mercoledì 13 febbraio 2013

Miss Gennaio

Il mio nuovo articolo per Inutile, "Miss Gennaio", pubblicato a febbraio per un disguido: poco male, non è mai troppo tardi per scoprire Ombretta Frau.

Ombretta Frau during one of her lectures, downloaded from Mount Holyoke College website. I still don't understand why there's a guy in the picture.

On this magazine I should talk about art, certainly not literature, but since it's January, and on gossip websites is all a big talk about hot girls calendars, I thought I should give my contribution to the cause by telling you about one of the most beautiful, fascinating and intelligent women to be found among the international Italian literature scholars: Ombretta Frau.Don't be fooled by the German surname, she is Italian, actually Sardinian, and after an Excellence in Teaching Award won at Harvard University (!), now she teaches at Mount Holyoke College, Massachusetts (the one where Emily Dickinson studied). In spite of  her beauty and the fabulous shoes she wears - that could make you believe she is a character from Sex&TheCity (something that both you and her should still consider a compliment) - from my point of view Ombretta Frau is a true indie riot.I was lucky to attend her lectures on nineteenth-century Italian literature at University of Bologna thanks to the initiative of a wonderful professor, Stefano Colangelo (one of those professors that can change your life).
I mean, can you imagine something potentially more boring than nineteenth-century Italian literature? Well, the literary undergrowth in which she guided us made me discover a number of writers whose stories of life and whose works made me go out of my mind. Mantea, Yolanda,
Mara Antelling, Emma Boghen Conigliani, Evelyn, Anna Franchi and Flavia Steno were all influential people at that time, and have been all forgotten because they published their writings mainly on magazines for young girls. But in between, among etiquette tips and fashion advices, were hidden more powerful teachings, things that our girls don't find in the pages of contemporary novels, as Twilight.One in all, the life of Mantea who met in Italy this beautiful, colored man from Hawaii, at the time in Europe with a scholarship for talented young people. They falled in love, they got married and Mantea followed him back to Honolulu in 1887, with a daring journey, murder of the Prince of Hawaii included. Her life and her journal, beyond scandals and prejudices, is the testimony of a person in search of her identity without politically correct playacting.There is a book that I have not read yet, Sottoboschi Letterari, about these authors, but I don't know if a writing, which is necessarily more institutional, can convey what Ombretta Frau's voice was able to communicate to me. So I think that the best thing you can do is to put in your pocket a TOEFL certificate, apply at Mount Holyoke College for a year as Italian Language Foreign Fellow and with the excuse of attending Ombretta Frau's lectures, live a year in USA, giving in exchange your perfect italian pronunciation as language assistent for the american students. Application expires every year on February 1,  this year is too late, but you can apply next year. The only problem is that if you are not a women you first need to make a trip to Casablanca... Mount Holyoke is a college for girls...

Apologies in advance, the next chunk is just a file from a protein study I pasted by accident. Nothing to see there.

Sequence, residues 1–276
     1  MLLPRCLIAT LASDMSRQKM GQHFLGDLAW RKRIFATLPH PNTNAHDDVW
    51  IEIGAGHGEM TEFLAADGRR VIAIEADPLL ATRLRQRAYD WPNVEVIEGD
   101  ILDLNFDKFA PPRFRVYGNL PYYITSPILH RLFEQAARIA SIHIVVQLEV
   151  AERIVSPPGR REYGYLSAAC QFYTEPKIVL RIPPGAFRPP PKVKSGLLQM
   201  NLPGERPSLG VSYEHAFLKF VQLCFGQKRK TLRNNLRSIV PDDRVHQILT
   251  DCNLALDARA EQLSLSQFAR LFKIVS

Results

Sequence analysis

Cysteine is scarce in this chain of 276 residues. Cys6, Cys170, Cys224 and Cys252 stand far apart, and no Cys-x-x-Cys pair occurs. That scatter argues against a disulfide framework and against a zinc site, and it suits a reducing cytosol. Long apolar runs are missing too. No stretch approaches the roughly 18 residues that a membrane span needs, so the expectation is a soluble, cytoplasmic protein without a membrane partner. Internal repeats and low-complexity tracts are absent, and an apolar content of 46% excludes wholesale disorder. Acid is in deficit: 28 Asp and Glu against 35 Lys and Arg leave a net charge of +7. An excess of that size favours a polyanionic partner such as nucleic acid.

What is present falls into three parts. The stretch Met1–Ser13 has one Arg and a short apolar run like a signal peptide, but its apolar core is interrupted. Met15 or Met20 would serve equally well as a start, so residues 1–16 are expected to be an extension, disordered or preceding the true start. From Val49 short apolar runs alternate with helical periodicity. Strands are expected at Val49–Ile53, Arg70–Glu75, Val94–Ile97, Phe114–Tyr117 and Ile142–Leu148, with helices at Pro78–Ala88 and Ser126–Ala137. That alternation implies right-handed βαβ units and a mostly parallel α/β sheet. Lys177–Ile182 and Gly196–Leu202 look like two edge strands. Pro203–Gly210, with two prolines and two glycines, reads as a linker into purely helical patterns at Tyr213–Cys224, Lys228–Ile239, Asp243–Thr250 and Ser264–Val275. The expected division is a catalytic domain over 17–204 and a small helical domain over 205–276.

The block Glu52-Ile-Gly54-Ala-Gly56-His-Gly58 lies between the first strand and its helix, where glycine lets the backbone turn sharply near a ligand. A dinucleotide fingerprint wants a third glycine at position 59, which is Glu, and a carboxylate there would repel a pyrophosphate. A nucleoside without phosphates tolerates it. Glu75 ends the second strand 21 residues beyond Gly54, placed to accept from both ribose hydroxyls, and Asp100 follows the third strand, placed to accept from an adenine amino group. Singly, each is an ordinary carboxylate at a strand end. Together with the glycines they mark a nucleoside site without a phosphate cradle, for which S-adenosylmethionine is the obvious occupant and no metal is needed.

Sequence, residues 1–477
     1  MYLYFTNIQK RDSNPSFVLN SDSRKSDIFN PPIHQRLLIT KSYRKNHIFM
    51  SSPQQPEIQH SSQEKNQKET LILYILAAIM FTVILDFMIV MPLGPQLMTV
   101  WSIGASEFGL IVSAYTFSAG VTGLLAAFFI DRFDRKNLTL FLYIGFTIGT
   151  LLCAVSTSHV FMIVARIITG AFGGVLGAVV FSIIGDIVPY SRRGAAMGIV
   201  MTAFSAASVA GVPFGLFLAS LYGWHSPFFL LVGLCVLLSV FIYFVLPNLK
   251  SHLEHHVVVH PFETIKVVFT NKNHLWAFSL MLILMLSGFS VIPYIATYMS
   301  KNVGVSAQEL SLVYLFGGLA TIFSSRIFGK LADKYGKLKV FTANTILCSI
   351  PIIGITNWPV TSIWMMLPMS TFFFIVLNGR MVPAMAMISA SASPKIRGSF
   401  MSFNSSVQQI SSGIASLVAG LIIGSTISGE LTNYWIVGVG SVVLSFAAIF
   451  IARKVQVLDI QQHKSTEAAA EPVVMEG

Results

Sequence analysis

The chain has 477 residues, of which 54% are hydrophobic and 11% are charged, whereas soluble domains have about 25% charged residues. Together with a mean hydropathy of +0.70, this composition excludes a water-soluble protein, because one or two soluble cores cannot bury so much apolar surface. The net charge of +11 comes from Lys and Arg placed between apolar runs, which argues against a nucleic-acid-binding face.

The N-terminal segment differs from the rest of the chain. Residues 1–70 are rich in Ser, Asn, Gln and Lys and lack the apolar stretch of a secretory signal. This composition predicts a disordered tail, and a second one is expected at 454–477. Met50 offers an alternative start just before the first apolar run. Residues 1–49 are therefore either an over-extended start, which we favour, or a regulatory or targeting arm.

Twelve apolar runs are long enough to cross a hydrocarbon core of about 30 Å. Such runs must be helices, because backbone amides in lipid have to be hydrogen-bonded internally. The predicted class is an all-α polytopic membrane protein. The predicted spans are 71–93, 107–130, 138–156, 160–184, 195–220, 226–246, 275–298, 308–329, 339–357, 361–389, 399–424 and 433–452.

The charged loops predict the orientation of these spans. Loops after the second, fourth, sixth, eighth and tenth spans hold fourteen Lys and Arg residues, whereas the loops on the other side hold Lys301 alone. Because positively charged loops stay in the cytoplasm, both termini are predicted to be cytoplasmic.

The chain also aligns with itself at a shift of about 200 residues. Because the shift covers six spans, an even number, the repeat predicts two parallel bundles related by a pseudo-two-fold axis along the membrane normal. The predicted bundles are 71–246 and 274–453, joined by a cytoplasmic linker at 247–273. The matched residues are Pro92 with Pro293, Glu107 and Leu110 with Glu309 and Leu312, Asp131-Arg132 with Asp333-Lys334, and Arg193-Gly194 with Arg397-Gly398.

Recommended readings:- Ombretta Frau, Mantea, Espatriata. Da Torino a Honolulu, Salerno Editrice, Roma 2007
- Ombretta Frau, Cristina Gragnani, Sottoboschi letterari. Sei case studies fra Otto e Novecento. Mara Antelling, Emma Boghen Conigliani, Evelyn, Anna Franchi, Jolanda, Flavia Steno, Firenze University Press, Firenze 2011.

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